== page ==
How superstitious are you when it comes to your wedding dress?

Superstitions have been at the centre of the wedding scene since weddings first began. There’s a long list of weird and wonderful wedding superstitions that go back through the ages.

While many of these traditions have long been forgotten, many more have stood the test of time to shape the weddings of couples in the modern-day.

As one of the main focal (and talking) points of the wedding, the bridal gown is at the heart of several superstitions.

We reveal the strange and surprising wedding dress superstitions that meant the brides of yesteryear had more than just dress regret to worry about.

Making your own dress was a no-no

While the ‘make-do-and-mend’ mantra was celebrated by previous generations, it was not favoured for wedding attire. Many believed that a bride making her own wedding dress would suffer an unhappy marriage. Every stitch made was thought to represent a tear that she’d shed during her marriage.

Leaving a dress unfinished until the wedding day however could bring good luck. That’s why many brides would wait until their wedding morning for that final stitch to be sewn.

Brides would also sew items and even hair into their wedding dresses to ward off evil spirits, which isn’t so dissimilar to the tradition still used by brides in Mexico.

We’ll let Reader’s Digest explain more:

“Brides sew three ribbons into their lingerie for good luck, and wear them secretly on their wedding day. The ribbons are red, blue, and yellow, to represent passion, financial stability, and abundance of sustenance.

No one sees the lucky ribbons, until the bride unveils them to her groom, when they are alone, after the ceremony has taken place.”

A tear could spell disaster…

Superstitions often have a very dark side, and the scariest omen associated with the wedding gown has to be this one.

Brides used to be extremely fearful of wedding dress tears, with a tear either before the wedding, or on the day itself thought to bring ill-health or even death to the bride or groom.

Trying your wedding outfit on in full before the wedding day was also frowned upon, which doesn’t bode well for your wedding dress fittings. So too was admiring yourself in a full-length mirror.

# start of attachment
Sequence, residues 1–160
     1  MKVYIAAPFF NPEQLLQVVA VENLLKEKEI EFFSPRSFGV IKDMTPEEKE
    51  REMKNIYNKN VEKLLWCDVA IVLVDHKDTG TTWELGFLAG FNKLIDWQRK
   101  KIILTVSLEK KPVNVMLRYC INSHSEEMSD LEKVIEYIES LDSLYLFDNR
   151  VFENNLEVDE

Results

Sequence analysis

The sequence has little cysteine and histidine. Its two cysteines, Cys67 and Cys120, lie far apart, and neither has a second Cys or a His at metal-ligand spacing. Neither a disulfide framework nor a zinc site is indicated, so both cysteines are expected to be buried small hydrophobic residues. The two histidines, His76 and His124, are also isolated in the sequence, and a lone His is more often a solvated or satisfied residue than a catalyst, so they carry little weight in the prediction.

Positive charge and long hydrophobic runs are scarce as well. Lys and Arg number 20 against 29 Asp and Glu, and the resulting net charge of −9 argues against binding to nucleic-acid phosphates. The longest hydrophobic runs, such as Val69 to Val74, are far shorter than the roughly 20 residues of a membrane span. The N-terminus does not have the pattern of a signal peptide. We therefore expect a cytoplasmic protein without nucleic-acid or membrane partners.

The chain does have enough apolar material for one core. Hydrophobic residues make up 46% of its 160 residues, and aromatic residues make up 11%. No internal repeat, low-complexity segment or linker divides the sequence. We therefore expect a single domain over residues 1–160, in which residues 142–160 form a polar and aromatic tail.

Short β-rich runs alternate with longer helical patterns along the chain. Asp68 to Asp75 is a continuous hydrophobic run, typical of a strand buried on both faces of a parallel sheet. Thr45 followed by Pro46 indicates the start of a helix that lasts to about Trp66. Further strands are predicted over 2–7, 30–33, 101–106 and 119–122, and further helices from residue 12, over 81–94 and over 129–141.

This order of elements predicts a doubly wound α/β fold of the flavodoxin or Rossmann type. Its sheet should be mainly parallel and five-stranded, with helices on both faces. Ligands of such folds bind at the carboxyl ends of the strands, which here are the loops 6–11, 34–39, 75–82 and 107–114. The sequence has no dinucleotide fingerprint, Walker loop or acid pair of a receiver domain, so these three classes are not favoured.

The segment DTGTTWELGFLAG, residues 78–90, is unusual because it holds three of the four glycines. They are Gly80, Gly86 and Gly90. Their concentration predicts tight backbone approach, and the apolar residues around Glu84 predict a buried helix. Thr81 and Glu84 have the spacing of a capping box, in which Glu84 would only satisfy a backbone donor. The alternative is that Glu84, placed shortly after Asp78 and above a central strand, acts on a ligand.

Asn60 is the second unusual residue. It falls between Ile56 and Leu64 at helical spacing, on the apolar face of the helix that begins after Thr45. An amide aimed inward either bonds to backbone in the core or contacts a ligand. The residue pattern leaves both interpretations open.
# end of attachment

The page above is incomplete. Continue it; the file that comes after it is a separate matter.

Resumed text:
…but a spider meant good luck

Many people have a phobia of creepy crawlies, but finding an eight-legged friend in your wedding dress shouldn’t be considered a bad omen. A live spider hiding in your wedding gown means the opposite. But be sure to remove it from the dress safely, killing it could mean financial strife.

The design of the dress really mattered

When shopping for a wedding dress, brides didn’t just have to consider the style and cut of the gown. Their choice of fabric could bring good luck, with silk the best option for a wedding dress according to superstition.

Despite being similar in appearance, satin was thought to bring bad luck and was therefore avoided. Velvet was another no-go as was historically associated with future poverty.

Patterned wedding gowns may provide striking, trend-worthy wedding looks in the modern day but these are also best avoided if you’re superstitious. Patterns depicting birds and vines are particularly unlucky.

The shade of your wedding gown should also be white, cream or ivory, these colours represent luck and happiness. Red should be avoided at all costs according to this old wedding rhyme.

Although it’s certainly worth acknowledging that brides in China, India, Pakistan, and Vietnam marry in red for good luck.



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